During a wargame, you see emergent play and narrative in an utterly unforced way. A story happens in a wargame, even though creating one is not its goall: Heroes emerge. Tragedies happen. You fear for some units, and feel triumphant for others. You see sacrifices made and judge the ruthlessness of your opponent or the nobility of a piece of plastic given a character in your imagination accordingly.

This can be very humbling for a GM: you realize how little it takes for a satisfying and immersive experience to occur.

Once you have experienced this, it reduces your need to make Story happen, either by forcing events, or building mechanics, because you know how little it takes to let it happen on its own. 

Because there is no GM in a wargame, you see where the real onus for the "story" comes from: Players and dice. This can help a GM can learn to relax away from controlling the game, and allow themselves be a vessel for the emergence of the narrative from play.

You Get a Better Sense of the Pliability of Narrative 

As a corollary, you can also learn just how much you can steer the narrative with very little effort. One small move drastically changes how the players and observers experience the narrative of the Wargames. 

Sun Tzu's The Art of War is primarily a guide for mitar commanders in a specific mindset to become a better general. The general is taught to cultivate a detached receptiveness and a level of situational awareness that allows them to be aware of Shir... The flow of energy, attention, & human behavior in battle so that you can make split second command decisions based on intuition and a few useful principles, rather than relying on rigid battle plans. 

Wargames can hone you to feel the flow of narrative and how minute changes to attention can transform the player experience and immersion. And how much of it is player - not GM - generated.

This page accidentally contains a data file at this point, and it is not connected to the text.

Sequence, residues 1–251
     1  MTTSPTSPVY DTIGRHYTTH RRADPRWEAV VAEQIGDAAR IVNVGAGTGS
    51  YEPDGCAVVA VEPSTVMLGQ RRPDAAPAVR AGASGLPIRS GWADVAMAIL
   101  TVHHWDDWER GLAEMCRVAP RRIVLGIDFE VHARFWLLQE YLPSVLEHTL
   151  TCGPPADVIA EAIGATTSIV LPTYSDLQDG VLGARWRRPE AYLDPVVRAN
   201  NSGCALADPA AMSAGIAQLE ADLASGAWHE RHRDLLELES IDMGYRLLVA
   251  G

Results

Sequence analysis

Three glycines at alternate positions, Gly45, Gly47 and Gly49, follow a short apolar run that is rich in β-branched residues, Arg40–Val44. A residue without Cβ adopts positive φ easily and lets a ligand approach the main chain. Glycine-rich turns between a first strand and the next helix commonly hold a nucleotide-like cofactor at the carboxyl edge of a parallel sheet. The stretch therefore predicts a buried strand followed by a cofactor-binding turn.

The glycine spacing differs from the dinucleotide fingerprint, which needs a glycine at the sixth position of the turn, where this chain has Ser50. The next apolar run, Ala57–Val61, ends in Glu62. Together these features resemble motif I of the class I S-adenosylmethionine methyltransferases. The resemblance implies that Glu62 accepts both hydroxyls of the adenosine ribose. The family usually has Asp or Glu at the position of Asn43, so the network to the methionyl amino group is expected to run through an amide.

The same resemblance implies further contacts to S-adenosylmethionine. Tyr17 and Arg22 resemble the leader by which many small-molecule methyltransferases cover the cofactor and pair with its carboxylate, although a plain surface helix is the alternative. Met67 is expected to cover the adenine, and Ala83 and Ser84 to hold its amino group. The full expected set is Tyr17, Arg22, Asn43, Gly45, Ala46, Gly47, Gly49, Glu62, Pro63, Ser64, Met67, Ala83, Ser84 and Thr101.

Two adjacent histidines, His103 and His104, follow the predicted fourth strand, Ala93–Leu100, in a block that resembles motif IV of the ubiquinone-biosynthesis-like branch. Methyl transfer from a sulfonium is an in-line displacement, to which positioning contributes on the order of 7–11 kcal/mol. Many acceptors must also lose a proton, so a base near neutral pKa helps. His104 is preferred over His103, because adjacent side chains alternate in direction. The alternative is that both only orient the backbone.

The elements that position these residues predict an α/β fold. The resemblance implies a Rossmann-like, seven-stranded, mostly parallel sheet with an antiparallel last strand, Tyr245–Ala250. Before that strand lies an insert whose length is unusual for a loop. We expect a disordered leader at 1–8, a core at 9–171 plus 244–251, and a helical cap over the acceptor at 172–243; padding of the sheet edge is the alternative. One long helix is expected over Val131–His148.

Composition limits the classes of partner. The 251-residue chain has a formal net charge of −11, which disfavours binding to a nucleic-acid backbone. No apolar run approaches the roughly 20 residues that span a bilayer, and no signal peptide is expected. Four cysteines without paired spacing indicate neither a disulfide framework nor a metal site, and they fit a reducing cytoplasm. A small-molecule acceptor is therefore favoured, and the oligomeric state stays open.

It Frees You To Reimagine RPGs' Play Structure 

Wargames show you how much of the RPG experience is created without the need for a strongly narrative - oriented GM or its myriad rule subsystems. And you appreciate where those same things enable RPGs to do which wargames honestly cannot. Such as operate in the Theater of the Mind, or build AI driven NPCs on the fly.

This in turn enables you to think about the how's and why's of your ruling and Hacking the rules in a slightly different way, because you understand your role a little differently. 


  1. Lol. D&D is a wargame? Many campaigns are super combat heavy, I guess.

    And I do have enough skeletons to start a full army. Haha.

    My upcoming scenario is pretty wargame-like, to be honest. A big siege with lots of one hit monsters.

  2. I have actually been experimenting with the very idea of a sort of "Alternate RPG"--what if adventure games still developed from wargames, but in a different fashion? More focused on the grand scale rather than the minutiae. In this world, a turn would be a few minutes at least and probably days to weeks on the longer end, and I would imagine players might collectively play groups of characters and switch between them or discuss what that character might do. A very player-focused narrative, and one that (with the aid of some game books and a little AI) wouldn't require a GM at all.

    1. I'd really like to hear more about this idea.

    2. I'll keep you in mind if I ever make a post about it.